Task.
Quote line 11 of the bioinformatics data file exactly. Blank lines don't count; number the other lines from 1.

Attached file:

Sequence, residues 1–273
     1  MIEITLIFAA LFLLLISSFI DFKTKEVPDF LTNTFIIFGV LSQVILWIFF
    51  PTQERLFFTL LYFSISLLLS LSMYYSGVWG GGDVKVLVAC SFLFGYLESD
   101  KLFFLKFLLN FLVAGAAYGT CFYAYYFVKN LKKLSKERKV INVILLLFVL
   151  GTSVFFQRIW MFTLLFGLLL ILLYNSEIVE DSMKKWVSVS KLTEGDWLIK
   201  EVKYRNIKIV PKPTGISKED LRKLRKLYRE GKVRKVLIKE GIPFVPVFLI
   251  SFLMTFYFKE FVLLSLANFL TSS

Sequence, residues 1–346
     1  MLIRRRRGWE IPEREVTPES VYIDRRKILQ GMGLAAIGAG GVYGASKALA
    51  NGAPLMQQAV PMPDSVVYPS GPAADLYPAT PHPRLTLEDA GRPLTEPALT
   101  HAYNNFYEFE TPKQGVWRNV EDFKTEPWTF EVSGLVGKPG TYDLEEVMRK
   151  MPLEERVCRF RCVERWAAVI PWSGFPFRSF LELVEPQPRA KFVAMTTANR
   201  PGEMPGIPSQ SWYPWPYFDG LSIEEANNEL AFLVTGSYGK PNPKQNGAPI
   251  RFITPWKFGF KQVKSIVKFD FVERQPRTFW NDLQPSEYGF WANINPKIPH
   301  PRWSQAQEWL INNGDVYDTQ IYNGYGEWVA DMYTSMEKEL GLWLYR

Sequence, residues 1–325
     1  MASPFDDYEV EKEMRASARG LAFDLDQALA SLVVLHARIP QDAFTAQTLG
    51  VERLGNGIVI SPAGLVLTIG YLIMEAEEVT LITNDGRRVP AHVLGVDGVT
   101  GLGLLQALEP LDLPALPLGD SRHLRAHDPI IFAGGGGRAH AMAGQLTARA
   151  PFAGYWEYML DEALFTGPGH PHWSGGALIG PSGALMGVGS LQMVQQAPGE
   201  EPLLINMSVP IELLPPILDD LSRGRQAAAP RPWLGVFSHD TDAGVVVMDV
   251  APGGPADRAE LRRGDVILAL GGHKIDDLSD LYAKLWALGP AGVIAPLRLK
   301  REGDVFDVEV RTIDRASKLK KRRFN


   101  HAYNNFYEFE TPKQGVWRNV EDFKTEPWTF EVSGLVGKPG TYDLEEVMRK